Addressing Smoking in Supported Residential Facilities for People with Severe Mental Illness: Has Any Progress Been Achieved?

dc.contributor.author Lawn, Sharon Joy
dc.contributor.author Lucas, T
dc.date.accessioned 2017-04-05T05:50:57Z
dc.date.available 2017-04-05T05:50:57Z
dc.date.issued 2016-10-10
dc.description © 2016 by the authors; licensee MDPI, Basel, Switzerland. This article is an open access article distributed under the terms and conditions of the Creative Commons Attribution (CC-BY) license (http://creativecommons.org/licenses/by/4.0/). en
dc.description.abstract Background: Smoking rates for people with severe mental illness have remained high despite significant declines in smoking rates in the general population, particularly for residents of community supported residential facilities (SRFs) where smoking has been largely neglected and institutionalized. Methods: Two studies undertaken 10 years apart (2000 and 2010) with SRFs in Adelaide, Australia looked at historical trends to determine whether any progress has been made to address smoking for this population. The first study was ethnographic and involved narrative description and analysis of the social milieu of smoking following multiple observations of smoking behaviours in two SRFs. The second study involved an eight-week smoking cessation group program providing tailored support and free nicotine replacement therapy to residents across six SRFs. Changes in smoking behaviours were measured using pre and post surveys with residents, with outcomes verified by also seeking SRF staff and smoking cessation group facilitator qualitative feedback and reflection on their observations of residents and the setting. Results: The culture of smoking in mental health SRFs is a complex part of the social milieu of these settings. There appears to have been little change in smoking behaviours of residents and attitudes and support responses by staff of SRFs since 2000 despite smoking rates declining in the general community. Tailored smoking cessation group programs for this population were well received and did help SRF residents to quit or cut down their smoking. They did challenge staff negative attitudes to residents’ capacity to smoke less or quit. Conclusions: A more systematic approach that addresses SRF regulations, smoke-free policies, staff attitudes and training, and consistent smoking cessation support to residents is needed. View Full-Text en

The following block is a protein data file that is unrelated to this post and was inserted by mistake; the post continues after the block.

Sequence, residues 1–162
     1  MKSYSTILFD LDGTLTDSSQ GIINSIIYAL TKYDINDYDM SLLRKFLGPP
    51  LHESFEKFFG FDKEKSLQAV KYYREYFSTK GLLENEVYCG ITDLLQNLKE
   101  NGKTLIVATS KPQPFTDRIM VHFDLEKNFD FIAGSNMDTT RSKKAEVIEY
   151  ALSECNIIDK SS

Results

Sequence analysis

dc.identifier.citation Lawn, S.; Lucas, T. Addressing Smoking in Supported Residential Facilities for People with Severe Mental Illness: Has Any Progress Been Achieved? Int. J. Environ. Res. Public Health 2016, 13, 996. en
dc.identifier.doi https://doi.org/10.3390/ijerph13100996 en
dc.identifier.issn 1660-4601
dc.identifier.uri http://hdl.handle.net/2328/37089
dc.language.iso en
dc.publisher MDPI en
dc.rights © 2016 by the authors; en
dc.rights.holder the authors en
dc.rights.license CC-BY
dc.subject smoking cessation en
dc.subject mental illness en
dc.subject hostels en
dc.subject homelessness en
dc.subject ethnography en
dc.subject supported residential facilities en
dc.title Addressing Smoking in Supported Residential Facilities for People with Severe Mental Illness: Has Any Progress Been Achieved? en
dc.type Article en
local.contributor.authorOrcidLookup Lawn, Sharon Joy: https://orcid.org/0000-0002-5464-8887 en_US
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